"Lori's Oasis," which represents Lori Saltiel's interests, shows photos of blue and yellow furniture and a couch overflowing with pillows — all of which are in family's living room. Saltiel and Ludwick completed the piece before Ludwick had seen the Saltiels' home.
"If this wasn't his work," Lori Saltiel said, "I wouldn't pay for these sessions," which are $60 an hour. She pointed to "Keep On Truckin'." "This is the stuff he went through. If this wasn't his, I wouldn't have paid $650 to frame it. It would have been rolled up and put away."
Ludwick, 28, describes the art-making as "communicating through a very complicated version of 20 Questions. Obviously, there's a part of me in these," she added, "just like anybody who is an art instructor."
But seeing Ludwick and Saltiel work underscores her role as art conduit.
Saltiel applies all the paint in his pieces. Ludwick places a wrist wrap on his right hand, slips a paintbrush into it, then supports the hand or elbow. He chooses a color and slides the brush on the surface.
When Ludwick works on a piece, she constantly checks and double-checks with Saltiel on selection and placement of colors and objects. She cheers him and suggests what each object, color or position may mean to him.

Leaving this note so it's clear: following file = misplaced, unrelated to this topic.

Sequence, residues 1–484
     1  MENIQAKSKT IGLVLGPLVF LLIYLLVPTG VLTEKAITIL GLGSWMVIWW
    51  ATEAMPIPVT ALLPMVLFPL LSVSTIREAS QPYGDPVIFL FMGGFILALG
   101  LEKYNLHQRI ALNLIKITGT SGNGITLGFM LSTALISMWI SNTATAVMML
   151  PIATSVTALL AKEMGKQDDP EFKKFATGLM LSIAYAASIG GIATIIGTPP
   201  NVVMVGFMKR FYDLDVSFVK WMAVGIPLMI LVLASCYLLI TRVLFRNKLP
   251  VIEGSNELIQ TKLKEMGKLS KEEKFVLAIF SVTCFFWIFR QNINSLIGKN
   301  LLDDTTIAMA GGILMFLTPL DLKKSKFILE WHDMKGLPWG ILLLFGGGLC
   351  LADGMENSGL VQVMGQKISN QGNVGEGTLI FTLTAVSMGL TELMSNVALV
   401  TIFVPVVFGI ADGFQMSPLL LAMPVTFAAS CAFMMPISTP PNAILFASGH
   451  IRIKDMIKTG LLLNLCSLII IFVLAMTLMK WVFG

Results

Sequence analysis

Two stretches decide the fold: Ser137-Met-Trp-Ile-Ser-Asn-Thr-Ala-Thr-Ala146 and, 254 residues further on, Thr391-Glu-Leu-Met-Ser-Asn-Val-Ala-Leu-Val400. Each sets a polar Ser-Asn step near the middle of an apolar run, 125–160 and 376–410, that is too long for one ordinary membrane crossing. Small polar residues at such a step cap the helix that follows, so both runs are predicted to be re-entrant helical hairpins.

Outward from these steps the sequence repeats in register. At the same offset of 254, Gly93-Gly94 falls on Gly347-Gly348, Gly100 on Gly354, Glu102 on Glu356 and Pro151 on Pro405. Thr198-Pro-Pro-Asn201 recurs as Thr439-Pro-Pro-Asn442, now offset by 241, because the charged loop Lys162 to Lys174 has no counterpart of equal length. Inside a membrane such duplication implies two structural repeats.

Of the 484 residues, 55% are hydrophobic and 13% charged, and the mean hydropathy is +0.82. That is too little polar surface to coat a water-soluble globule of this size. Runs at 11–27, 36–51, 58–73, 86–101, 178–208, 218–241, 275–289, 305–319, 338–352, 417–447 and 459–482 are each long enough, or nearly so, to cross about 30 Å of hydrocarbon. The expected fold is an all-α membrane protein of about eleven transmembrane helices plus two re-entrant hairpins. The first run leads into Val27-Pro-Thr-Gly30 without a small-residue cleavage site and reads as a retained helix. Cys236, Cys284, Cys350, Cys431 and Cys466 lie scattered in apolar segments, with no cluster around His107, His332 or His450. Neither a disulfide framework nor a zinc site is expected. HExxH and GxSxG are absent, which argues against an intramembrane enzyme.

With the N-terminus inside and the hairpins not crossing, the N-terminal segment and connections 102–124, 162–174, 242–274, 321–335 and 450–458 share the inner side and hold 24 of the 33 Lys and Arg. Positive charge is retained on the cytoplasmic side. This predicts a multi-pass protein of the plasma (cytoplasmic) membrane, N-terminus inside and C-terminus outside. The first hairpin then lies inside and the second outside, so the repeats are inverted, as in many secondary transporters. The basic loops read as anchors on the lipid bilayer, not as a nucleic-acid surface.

Saltiel communicates "yes" by rolling his eyes toward the top of his head and "no" by moving his gaze to the right. The partners work two hours a week and can take six months to complete a piece.
Wearing an apron at a table in the sunroom of the Saltiels' spacious home one afternoon, Saltiel painted several diagonal arcs of pink, blue and purple on a mat board.
"I love it," Ludwick said of his painting. He goofed around by dabbing Ludwick's chin with purple.
He also convulsed in excitement, which brought his mother to the room to suction his mouth. Later, he looked listless, which prompted Ludwick to check his oxygen level.
After a few minutes, he conveyed he was finished painting for the time being.
"Do you want me to show you what objects I have?" she asked.
Another upward roll of the eyes. Ludwick displayed plastic cups and bags of bingo chips, flowers, polished rocks and beads, grouped by color, and Saltiel moved his hand closer the brown beads.